Insurance: What’s ahead for flood insurance?

 By Joseph Rossi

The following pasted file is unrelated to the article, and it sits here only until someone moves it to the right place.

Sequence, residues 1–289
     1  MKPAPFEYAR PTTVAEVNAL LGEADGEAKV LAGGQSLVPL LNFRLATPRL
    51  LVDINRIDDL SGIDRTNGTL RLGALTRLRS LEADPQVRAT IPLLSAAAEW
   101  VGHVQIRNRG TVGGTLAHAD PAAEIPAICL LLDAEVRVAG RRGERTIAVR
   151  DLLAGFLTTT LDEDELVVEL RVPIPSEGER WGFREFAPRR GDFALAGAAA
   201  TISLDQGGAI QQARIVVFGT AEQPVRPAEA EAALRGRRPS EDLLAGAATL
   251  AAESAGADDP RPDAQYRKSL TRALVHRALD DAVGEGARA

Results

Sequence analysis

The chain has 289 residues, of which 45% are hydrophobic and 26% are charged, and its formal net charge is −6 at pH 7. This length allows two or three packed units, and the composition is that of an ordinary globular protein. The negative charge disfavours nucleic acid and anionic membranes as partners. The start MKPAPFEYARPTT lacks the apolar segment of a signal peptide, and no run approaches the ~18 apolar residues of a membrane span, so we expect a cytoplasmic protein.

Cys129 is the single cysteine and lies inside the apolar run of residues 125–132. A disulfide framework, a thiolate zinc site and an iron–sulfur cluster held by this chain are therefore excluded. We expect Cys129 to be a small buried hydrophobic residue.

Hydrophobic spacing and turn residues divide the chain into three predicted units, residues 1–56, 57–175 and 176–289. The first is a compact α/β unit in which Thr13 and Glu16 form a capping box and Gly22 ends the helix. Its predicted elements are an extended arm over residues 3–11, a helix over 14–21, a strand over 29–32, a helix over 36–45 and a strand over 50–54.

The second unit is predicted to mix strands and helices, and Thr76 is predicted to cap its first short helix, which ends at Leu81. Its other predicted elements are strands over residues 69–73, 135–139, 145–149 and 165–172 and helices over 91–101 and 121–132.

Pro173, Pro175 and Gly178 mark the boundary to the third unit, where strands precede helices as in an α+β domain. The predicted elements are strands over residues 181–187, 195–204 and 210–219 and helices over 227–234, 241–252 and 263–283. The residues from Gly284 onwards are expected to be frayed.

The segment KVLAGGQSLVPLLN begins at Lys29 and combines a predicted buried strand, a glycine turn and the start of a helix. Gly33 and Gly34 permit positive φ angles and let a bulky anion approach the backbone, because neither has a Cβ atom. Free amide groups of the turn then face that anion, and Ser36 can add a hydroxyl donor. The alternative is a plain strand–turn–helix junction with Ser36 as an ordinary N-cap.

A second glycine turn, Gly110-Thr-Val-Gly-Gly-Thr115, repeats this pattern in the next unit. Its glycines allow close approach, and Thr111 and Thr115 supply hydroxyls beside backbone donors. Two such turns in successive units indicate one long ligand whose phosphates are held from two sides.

With an estimated flood insurance protection gap of $40 billion in 2017, an emerging private insurance market has evolved. A great deal of caution needs to be taken when trying to protect your property from one of the most unpredictable perils. Where will the flood insurance market take us in the next 20 years? Only one thing is certain – it is a road of uncertainty. It’s been said that government involvement in insurance offers a large opportunity to private markets. And while that may seem to be the case as federal flood insurance rates rise, Congress will always have the final say. The National Flood Insurance Program is the federal government’s flood program. It’s where most Americans get their flood insurance, and it celebrates 50 years in 2018. The program was designed to give artificially low rates to homeowners who would otherwise depend on disaster assistance, and therefore taxpayer money, to recover from a flooding event. When Congress passed the NFIP in 1968, flood had been excluded from almost all major private insurance coverages. But now, the private market wants a shot again. Reinsurance and non-admitted companies are looking to invest hundreds of millions, based on the belief that NFIP premiums have skyrocketed too high, leaving room to compete. Additionally, they believe their technology can better model flood risk than the NFIP can. But there’s an obstacle: NFIP grandfathering provisions. In the NFIP, grandfathering keeps rates low if you’ve had a policy for a long time or built your house to the correct standards. But currently, if you leave the NFIP for a private policy, you can lose the lower rates from grandfathering since the federal flood program doesn’t recognize private flood insurance. Congress has proposals that will make grandfathering concurrent from the NFIP to private policies. It remains to be seen if the stalemate in Congress can be resolved to amend the issue. An additional challenge lies with the willingness of lenders to accept private flood insurance policies. The Biggert-Waters Flood Reform Act of 2012 attempted to help guide lenders on the best way to accept private flood insurance to meet the federal requirements. Biggert-Waters amends the Flood Disaster Protection Act of 1973 to make a definition for private flood insurance to meet the mandatory purchase requirement. Section 102 of the FDPA states “flood insurance coverage which is at least as broad as the coverage provided under a standard flood insurance policy under the national flood insurance program” will be sufficient to meet the requirement. However, this has caused more confusion for lenders. What does “as broad as” mean? The regulatory agencies (FDIC, OCC, etc.) have yet to issue their regulatory guidance for lenders, instead hoping for Congress to act. FEMA has also pledged that while the private markets continue to evolve, so will the NFIP. FEMA has for years talked about risk rating 2.0. The program, a total redesign of FEMA rates, is now slated for a phase in starting in 2020. This will bring rates much closer to the true risk of a structure, and more competitive with private market practices. FEMA is also committed to making new insurance products and revolutionizing the NFIP for the next 20 years and beyond. So, while there are challenges on the road to a robust private flood market, we will eventually get to a place where the NFIP is part of the marketplace, rather than being the marketplace. This will take time and an evolution over a period of years to find creative solutions to covering the always unpredictable peril of flood. Joseph Rossi, ANFI, CFM, is a Flood Specialist at Rogers & Gray Insurance. He can be reached at (508) 258-2103 or